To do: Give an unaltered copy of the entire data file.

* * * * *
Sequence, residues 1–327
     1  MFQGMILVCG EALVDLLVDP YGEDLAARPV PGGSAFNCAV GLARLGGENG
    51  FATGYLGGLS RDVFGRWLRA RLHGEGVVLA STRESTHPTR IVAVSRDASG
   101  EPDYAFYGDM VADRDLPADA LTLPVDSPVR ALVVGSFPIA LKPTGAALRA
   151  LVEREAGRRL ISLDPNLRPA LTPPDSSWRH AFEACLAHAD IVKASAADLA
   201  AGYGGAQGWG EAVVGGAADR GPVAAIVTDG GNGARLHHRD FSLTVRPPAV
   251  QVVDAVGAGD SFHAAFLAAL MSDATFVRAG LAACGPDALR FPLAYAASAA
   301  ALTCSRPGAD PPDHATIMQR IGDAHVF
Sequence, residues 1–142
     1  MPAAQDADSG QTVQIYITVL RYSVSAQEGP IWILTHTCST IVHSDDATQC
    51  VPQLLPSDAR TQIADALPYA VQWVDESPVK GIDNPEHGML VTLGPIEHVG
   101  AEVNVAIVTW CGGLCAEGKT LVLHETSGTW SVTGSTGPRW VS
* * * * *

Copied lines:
Sequence, residues 1–327
     1  MFQGMILVCG EALVDLLVDP YGEDLAARPV PGGSAFNCAV GLARLGGENG
    51  FATGYLGGLS RDVFGRWLRA RLHGEGVVLA STRESTHPTR IVAVSRDASG
   101  EPDYAFYGDM VADRDLPADA LTLPVDSPVR ALVVGSFPIA LKPTGAALRA
   151  LVEREAGRRL ISLDPNLRPA LTPPDSSWRH AFEACLAHAD IVKASAADLA
   201  AGYGGAQGWG EAVVGGAADR GPVAAIVTDG GNGARLHHRD FSLTVRPPAV
   251  QVVDAVGAGD SFHAAFLAAL MSDATFVRAG LAACGPDALR FPLAYAASAA
   301  ALTCSRPGAD PPDHATIMQR IGDAHVF
Sequence, residues 1–142
     1  MPAAQDADSG QTVQIYITVL RYSVSAQEGP IWILTHTCST IVHSDDATQC
    51  VPQLLPSDAR TQIADALPYA VQWVDESPVK GIDNPEHGML VTLGPIEHVG
   101  AEVNVAIVTW CGGLCAEGKT LVLHETSGTW SVTGSTGPRW VS